Slipping his room temperature sweat pants over body parts on the verge of frostbite, Ryan whooshed out a long, appreciative sigh. Stephanie had handed the clothes over just in time. He was about to lose the battle to keep his teeth from chattering. Definitely not the way a totally in charge male acted around the woman he loved. The one who hadn’t let him freeze to death after all.
It was a tossup whether he was more relieved to be out of the bone chilling cold. Or grateful that Stephanie had forgiven him enough to let him back in to their apartment. On second thought, no contest. Possible forgiveness won. He chanced a quick glance her way as he pulled the sweatshirt over his head.
Long brown hair framing a flawless complexion, an adorable, turned up nose, moist and delicious lips. A delicate chin that had notched up in defiance more than once since they’d moved in together. The sleek, inviting throat, gently sloping shoulders…
“Is that better?”
His head came up at her question. Further thoughts scattered. “Much. Thank you.”
Thick, sweeping lashes rimmed beautiful brown eyes. Eyes that had charmed him from day one, and held him captive ever since. Eyes staring, narrowed and wary, as she squared up before him now.
Icy knots of fear gripped him. Ten-fold what hit there when he’d nearly lost it and sailed over the railing a few moments ago. Since rappelling down from the apartment above, he’d assumed she forgave him. As he’d recently learned, living by assumption could be dangerous. He wasn’t about to venture down that slippery slope again.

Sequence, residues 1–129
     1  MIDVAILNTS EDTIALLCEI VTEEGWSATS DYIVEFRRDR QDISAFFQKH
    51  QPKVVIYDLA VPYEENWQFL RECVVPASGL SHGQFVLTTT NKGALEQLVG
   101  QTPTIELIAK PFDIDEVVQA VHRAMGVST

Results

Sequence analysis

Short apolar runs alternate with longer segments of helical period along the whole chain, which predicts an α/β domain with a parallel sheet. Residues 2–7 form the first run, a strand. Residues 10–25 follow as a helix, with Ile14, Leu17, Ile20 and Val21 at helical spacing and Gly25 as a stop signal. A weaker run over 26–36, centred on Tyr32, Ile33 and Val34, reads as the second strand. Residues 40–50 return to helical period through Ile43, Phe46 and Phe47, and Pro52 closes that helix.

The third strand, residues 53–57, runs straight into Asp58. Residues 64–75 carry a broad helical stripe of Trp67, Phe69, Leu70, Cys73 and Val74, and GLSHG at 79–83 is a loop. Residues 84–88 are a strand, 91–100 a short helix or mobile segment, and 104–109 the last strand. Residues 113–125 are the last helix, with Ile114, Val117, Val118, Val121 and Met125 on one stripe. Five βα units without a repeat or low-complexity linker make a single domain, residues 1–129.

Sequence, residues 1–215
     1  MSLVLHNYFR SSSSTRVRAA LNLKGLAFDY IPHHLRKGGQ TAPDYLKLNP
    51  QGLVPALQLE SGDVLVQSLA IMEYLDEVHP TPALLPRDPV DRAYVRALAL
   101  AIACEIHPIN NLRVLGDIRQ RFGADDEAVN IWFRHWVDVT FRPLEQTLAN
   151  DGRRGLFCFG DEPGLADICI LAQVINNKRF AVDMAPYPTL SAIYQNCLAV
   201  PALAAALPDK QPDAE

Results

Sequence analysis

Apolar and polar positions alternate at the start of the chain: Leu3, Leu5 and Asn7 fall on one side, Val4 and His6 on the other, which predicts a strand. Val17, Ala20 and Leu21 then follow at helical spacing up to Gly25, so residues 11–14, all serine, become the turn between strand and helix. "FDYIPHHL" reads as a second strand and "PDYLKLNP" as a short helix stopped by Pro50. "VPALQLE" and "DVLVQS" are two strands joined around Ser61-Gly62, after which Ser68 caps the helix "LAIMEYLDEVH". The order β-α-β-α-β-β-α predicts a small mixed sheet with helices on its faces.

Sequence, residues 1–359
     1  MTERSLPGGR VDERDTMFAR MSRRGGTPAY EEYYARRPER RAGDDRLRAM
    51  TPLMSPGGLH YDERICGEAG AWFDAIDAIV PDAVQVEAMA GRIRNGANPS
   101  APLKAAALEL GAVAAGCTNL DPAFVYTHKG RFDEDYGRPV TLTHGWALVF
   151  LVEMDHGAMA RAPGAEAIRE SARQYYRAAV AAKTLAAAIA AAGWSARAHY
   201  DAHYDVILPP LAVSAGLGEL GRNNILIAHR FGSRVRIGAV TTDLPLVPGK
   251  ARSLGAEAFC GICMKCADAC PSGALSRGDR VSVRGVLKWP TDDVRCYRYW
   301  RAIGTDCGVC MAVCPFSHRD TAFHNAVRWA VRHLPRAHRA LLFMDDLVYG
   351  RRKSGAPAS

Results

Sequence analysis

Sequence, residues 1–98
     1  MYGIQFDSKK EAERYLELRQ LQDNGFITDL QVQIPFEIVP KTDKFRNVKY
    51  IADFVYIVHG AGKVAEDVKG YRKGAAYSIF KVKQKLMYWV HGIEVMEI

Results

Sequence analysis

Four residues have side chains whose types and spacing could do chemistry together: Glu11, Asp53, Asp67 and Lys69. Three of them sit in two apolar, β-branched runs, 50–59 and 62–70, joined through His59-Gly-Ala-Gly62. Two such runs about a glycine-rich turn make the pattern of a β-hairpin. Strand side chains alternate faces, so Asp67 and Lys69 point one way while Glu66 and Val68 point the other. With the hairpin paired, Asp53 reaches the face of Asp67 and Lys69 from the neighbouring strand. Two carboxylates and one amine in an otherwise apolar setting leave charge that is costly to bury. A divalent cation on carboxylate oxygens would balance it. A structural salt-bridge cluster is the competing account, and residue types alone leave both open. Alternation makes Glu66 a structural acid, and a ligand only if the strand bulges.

None the less, being this close after spending one night without her, all he could do was jam both hands in the pockets of his sweat pants. That way, he’d be much less likely to wrap her in his arms and kiss her senseless.
“I put my heart and soul into our recent discussions about marriage. Shared my expectations and my fears.”
“No more than I did.” He couldn’t help his defensive tone. Pausing to swallow, he took a breath and fought to soften the rest of it. “All I was doing last night was taking a break. Things were spiraling out of control. I didn’t know how to make it stop.”
With a giant step toward her, he opened his mouth to launch into the apology he’d rehearsed to perfection during his all-nighter. His arms lifted to reach for her. “Stephanie. I—”
A buzzer, blaring from the kitchen drowned him out.
She was quick to turn her back on him, as if she’d been waiting for the opportunity. “My cookies are done. Angel wings. Very delicate.” Hurrying away, she flung more information behind her. “Only a couple of minutes of over baking can burn them.”
Even if they did, whatever she had in the oven would sure taste a heck of a lot better than the crow he’d come down here to eat. Hands coming out of his pockets, he padded after her. Past the apartment sized drop leaf table flanked by two chairs, one at either end.
He’d done the exact same thing last year at this time. Followed her into the kitchen, rather showed up there whenever she was bustling around in it. Coming from a family where the holidays were merely another opportunity for more heartache rather than joy, he fed off Stephanie’s strict adherence to holiday traditions. Being part of anything to do with this woman filled a need in him he wasn’t willing to give up.
As always when Stephanie was in the kitchen cooking and baking, the place was a direct hit. Open bags of flour, white sugar and brown stood on the counter. The lid was up on a half empty egg carton. Two measuring cups, one big and one small, sat beside a large, green mixing bowl. Small containers of spices were lined up beside that.